How the indexes work

In order to allow fast queries over your indexes, RavenDB processes them in the background, executing the queries against the stored documents and persisting the results to a Lucene index. Lucene is a full text search engine library (Raven uses the .NET version) which allows us to perform lightning fast full text searches.

The best way of thinking about RavenDB's indexes is to imagine them as a database's materialized views. RavenDB executes the indexing processes in the background, and the results are written to disk. That means that when we are querying, we have to do very little work. This is how RavenDB manages to achieve its near instantaneous replies for your queries, it doesn't have to think, all the processing has already been done.

By using Lucene as the indexing format, we can support some really fancy querying types: Range based, partial string matching, full text searches, etc. You can read more about queries supported by Lucene here.

If you are using the Raven Client API, you can simply use the Linq provider that comes with it and it will deal with most of those issues for you. If you want to query RavenDB externally, or if you want to understand how Raven manages those indexes and take advantage of advanced Lucene features, please read on.

When RavenDB needs to store the results of your queries in the Lucene index, it analyzes each value, and produces the following results:

  • If the value is null - create a single field with the unanalyzed value 'NULL_VALUE'. Note: 'NULL_VALUE' is excluded from field entry values.
  • If the value is string - create a single field with the supplied name and the value.
  • If the value is empty string - create a single field with the unanalyzed value 'EMPTY_STRING'.
  • If the value is set unanalyzed - create a single field with the value set to not analyzed.
  • If the value is date, create a single field with millisecond precision with the supplied name.
  • If the value is a byte array, create a single field with supplied name and JSON serialized value. Note: Binary values must be smaller than 1KB.
  • If the value is an array, will create fields recursively:
  • * The first will be created with a name combined from supplied name and '_IsArray' suffix with unanalyzed value 'true'.
  • * Other fields will be created using identical algorithm that we are describing now.
  • If the value is numeric (int, long, double, decimal, or float) will create two fields:
  • * The first will be created with the supplied name, containing the numeric value as an unanalyzed string. This is useful if you want to query the by the exact value.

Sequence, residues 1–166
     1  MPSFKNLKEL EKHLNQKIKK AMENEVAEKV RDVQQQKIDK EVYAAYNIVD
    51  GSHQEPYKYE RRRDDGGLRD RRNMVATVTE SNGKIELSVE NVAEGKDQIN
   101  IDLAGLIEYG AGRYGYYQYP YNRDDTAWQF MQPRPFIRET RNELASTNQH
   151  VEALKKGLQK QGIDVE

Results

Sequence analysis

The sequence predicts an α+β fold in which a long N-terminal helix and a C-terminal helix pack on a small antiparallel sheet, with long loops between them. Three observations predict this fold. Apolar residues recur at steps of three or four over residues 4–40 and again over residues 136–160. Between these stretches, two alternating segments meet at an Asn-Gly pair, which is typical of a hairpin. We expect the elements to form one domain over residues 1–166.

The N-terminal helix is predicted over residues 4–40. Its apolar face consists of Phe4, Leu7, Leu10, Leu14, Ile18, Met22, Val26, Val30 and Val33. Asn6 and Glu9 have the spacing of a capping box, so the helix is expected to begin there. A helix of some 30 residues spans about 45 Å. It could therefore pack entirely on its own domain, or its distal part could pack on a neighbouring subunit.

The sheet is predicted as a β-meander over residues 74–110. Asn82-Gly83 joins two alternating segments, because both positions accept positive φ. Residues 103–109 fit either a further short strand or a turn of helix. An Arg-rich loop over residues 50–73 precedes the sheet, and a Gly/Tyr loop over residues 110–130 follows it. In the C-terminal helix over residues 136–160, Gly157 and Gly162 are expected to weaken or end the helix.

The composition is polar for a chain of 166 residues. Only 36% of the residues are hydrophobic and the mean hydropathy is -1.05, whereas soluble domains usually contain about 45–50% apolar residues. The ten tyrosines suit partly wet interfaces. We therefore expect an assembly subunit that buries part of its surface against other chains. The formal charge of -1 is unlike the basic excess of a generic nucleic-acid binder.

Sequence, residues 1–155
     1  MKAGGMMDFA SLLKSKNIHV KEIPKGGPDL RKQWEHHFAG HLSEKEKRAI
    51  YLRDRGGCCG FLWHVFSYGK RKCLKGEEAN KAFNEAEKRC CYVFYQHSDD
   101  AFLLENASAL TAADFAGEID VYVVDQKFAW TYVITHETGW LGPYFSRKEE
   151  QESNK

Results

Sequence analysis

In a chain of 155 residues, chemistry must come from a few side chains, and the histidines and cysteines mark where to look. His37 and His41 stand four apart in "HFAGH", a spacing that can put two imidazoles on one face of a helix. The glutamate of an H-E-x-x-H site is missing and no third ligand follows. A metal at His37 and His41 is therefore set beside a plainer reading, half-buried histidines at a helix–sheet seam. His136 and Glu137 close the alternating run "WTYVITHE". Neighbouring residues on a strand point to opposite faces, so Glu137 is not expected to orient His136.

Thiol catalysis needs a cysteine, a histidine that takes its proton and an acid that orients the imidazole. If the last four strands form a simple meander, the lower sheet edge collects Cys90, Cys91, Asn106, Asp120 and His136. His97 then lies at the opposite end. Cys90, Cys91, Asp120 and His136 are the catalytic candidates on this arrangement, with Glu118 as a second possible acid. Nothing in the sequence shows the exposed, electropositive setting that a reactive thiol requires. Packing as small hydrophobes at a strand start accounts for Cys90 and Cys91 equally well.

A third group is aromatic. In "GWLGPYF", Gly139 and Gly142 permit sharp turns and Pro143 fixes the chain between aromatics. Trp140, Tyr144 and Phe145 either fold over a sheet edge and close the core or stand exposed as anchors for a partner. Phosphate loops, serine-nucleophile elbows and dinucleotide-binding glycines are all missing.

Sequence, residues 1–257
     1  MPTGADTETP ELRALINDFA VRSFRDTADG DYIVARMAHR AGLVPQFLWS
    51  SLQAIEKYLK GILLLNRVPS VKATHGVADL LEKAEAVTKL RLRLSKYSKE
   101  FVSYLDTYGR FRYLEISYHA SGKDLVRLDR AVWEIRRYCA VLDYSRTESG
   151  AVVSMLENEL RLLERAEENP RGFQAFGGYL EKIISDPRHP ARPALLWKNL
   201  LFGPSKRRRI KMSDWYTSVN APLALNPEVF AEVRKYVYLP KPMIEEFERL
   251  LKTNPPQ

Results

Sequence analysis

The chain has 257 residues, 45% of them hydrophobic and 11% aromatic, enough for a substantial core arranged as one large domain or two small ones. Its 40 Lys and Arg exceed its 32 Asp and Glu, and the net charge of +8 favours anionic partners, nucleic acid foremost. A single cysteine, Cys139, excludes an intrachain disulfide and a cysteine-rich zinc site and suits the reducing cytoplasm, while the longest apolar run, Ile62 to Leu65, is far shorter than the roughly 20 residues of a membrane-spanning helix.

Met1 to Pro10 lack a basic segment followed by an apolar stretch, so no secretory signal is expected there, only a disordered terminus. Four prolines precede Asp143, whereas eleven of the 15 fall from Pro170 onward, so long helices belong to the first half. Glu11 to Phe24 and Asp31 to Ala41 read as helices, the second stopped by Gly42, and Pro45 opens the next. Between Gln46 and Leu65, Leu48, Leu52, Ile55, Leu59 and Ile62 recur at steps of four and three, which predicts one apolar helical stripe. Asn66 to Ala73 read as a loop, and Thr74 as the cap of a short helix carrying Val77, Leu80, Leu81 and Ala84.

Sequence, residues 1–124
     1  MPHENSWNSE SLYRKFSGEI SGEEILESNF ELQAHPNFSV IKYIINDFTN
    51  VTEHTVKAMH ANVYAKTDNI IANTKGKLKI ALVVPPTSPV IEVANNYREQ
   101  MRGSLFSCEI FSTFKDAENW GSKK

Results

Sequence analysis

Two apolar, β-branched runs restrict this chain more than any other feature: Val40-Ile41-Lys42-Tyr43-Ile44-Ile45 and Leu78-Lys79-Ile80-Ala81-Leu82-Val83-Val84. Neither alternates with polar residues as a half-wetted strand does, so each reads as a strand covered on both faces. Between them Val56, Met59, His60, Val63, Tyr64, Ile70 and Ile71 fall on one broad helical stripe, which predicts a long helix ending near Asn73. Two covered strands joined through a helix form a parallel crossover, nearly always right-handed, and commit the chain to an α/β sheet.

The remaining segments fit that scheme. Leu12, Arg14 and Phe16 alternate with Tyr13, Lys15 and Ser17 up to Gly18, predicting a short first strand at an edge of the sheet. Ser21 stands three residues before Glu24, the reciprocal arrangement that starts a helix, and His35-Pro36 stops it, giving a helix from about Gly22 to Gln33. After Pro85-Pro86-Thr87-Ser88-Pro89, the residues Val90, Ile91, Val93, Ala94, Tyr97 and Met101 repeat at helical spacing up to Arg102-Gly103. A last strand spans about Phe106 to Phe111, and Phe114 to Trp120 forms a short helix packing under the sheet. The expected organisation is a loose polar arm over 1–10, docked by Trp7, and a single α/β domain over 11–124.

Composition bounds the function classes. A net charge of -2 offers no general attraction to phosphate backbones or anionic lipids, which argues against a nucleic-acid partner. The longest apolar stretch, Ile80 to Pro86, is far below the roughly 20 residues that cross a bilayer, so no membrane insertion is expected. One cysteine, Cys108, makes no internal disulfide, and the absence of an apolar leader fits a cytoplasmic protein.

• * The second will be create with the name: '[name]_Range', containing the numeric value in a form that allows range queries.
  • * Sample, if we try to index 'Age', 18, we will have the following fields:
  • * * Age:18
  • * * Age_Range: [18 in a binary format that is applicable for range searching]
  • If the value does not match any of the above, will create fields recursively:
  • * The first will be an unanalyzed field with name combined from supplied name and '_ConvertToJson' suffix and value 'true' will be created.
  • * Other fields will be created from converted to JSON values of an object using identical algorithm that we are describing now

Using this format, it is pretty easy to perform both exact queries and range queries, including when you need to detect nulls.

Using custom analyzers

Lucene uses Analyzers to split up text into the tokens that are then stored in the index. Normally the default analyzers is okay, but Raven lets you specify which built-in Lucene analyzer to use, in the case when the default analyzer isn't suitable. You can control the analyzer per-field like so:

    store.DatabaseCommands.PutIndex("Movies",
    	new IndexDefinition
    	{
    		Map = "from movie in docs.Movies select new { movie.Name, movie.Tagline }",
    		Analyzers =
    		{
    			{"Name", typeof (SimpleAnalyzer).AssemblyQualifiedName},
    			{"Tagline", typeof (StopAnalyzer).AssemblyQualifiedName},
    			{"Other", typeof (MyCustomAnalyzer).AssemblyQualifiedName},
    		}
    	});
    

You can also use the typeof(SimpleAnalyzer).FullName intead of AssemblyQualifiedName but this will work only with Lucene's built-in indexes. AssemblyQualifiedName is required for your custom indexes.

The output of the built-in analyzers are shown below, they are all tokenizing the following text:

The quick brown fox jumped over the lazy dog, bob@hotmail.com 123432.
  • Keyword Analyzer - tokenizes the entire stream as a single token.

[The quick brown fox jumped over the lazy dog, bob@hotmail.com 123432.]

  • Whitespace Analyzer - tokenizes on white space only (note the punctuation at the end of "dog")

    [The] [quick] [brown] [fox] [jumped] [over] [the] [lazy] [dog,] [bob@hotmail.com] [123432.]

  • Stop Analyzer - strips out common English words (such as "and", "at" etc), tokenizes letters only and converts everything to lower case

    [quick] [brown] [fox] [jumped] [over] [lazy] [dog] [bob] [hotmail] [com]

  • Simple Analyzer - only tokenizes letters and makes all tokens lower case

    [the] [quick] [brown] [fox] [jumped] [over] [the] [lazy] [dog] [bob] [hotmail] [com]

  • Standard Analyzer - simple tokenizer that uses a stop list of common English works, also handles numbers and emails addresses correctly

    [quick] [brown] [fox] [jumped] [over] [lazy] [dog] [bob@hotmail.com] [123432]

A simple way to see how text is tokenized by the Lucene analyzers is to use the tool available here.

You can also create your own custom analyzer, compile it to a dll and drop it in in directory called "Analyzers" under the RavenDB base directory. Afterward, you can then use the fully qualified type name of your custom analyzer as the analyzer for a particular field.